Me: “This week, we ran 250 test cases. 245 passed and 5 failed.”
Flip the slide.
Me: “Here is our bug find/fix graph. This week, we found 30 bugs and fixed 42. This is the first week where fixes outnumbered finds.”
VP: “Wait, go back one slide. How come you only had 5 tests fail, but found 30 bugs?”
On this project, we created test cases based on the written requirements, and could show traceability from requirements down to test results. These test cases were intended to show that we met the customer’s requirements – and the customers had full access to this data.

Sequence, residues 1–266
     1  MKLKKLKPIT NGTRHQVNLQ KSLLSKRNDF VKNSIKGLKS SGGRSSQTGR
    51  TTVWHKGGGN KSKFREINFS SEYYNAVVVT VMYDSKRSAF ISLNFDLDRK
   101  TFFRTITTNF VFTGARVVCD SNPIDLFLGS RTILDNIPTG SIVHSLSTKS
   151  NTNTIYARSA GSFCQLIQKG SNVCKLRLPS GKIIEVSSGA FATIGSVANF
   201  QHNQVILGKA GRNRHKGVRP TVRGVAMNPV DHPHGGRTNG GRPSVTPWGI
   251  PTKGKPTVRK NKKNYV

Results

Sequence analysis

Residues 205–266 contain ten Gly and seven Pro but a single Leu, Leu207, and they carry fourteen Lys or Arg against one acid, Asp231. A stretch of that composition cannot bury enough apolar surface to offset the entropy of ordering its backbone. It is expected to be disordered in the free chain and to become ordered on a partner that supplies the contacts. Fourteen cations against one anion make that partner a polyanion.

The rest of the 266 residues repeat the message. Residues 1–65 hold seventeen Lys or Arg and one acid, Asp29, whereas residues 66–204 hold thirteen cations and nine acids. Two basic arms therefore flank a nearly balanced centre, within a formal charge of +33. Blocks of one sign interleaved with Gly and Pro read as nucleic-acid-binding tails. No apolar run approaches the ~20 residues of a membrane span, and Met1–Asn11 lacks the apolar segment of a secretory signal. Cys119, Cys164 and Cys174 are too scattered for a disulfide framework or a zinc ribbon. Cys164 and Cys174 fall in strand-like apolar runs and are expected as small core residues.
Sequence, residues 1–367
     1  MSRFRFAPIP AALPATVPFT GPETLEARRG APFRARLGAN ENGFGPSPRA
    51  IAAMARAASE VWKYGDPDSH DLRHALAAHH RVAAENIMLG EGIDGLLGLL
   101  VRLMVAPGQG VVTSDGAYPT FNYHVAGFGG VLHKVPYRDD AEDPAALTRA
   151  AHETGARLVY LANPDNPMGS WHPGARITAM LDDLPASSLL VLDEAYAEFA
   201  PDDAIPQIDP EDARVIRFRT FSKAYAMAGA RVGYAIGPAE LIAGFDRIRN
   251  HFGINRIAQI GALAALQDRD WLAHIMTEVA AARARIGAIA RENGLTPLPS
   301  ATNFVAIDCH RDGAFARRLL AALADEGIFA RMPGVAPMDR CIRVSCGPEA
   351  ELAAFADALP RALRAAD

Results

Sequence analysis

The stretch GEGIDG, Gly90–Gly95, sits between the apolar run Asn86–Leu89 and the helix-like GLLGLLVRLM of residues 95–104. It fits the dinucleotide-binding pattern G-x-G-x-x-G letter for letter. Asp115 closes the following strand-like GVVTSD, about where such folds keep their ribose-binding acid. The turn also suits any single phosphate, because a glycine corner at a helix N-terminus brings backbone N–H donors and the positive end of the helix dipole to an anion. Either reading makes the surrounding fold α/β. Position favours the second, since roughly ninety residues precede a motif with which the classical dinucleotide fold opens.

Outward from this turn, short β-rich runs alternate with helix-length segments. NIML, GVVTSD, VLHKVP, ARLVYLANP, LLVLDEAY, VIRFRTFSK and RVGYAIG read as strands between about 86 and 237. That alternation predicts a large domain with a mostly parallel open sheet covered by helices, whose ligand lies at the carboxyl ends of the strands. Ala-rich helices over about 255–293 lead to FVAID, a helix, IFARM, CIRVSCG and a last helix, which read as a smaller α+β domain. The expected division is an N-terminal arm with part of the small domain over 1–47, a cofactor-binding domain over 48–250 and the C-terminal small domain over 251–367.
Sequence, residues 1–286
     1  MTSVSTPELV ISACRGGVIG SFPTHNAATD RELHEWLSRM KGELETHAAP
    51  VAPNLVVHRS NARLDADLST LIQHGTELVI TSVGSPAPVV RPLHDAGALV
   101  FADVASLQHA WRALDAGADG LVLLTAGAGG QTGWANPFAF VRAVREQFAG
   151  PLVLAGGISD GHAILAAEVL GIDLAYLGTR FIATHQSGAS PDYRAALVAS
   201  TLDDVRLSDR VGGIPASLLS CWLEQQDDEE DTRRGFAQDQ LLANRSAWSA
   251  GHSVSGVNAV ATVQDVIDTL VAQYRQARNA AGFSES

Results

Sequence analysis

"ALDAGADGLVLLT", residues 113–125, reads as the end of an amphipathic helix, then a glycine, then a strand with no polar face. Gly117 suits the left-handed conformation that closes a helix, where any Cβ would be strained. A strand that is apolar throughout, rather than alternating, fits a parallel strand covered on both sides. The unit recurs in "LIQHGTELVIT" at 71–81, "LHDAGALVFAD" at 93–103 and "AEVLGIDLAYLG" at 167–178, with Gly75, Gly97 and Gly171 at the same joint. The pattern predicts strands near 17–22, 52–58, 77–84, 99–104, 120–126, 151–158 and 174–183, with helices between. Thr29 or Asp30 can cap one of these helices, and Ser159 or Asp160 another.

In addition to the official test cases, we also ran many exploratory tests. The testers spent time experimenting, not following a direct script. In terms of finding bugs, this exploratory approach was much more productive than following the script.
One reason, the scripts were written from the requirements, the same document that influenced design and code. We should have been surprised if the prepared test cases found any bugs. Professional, smart, testers following their nose found many of the issues that would have frustrated customers.
(these events happened a long time ago, on a product where we had an annual release cycle and 3 months of system test – that feels like forever ago)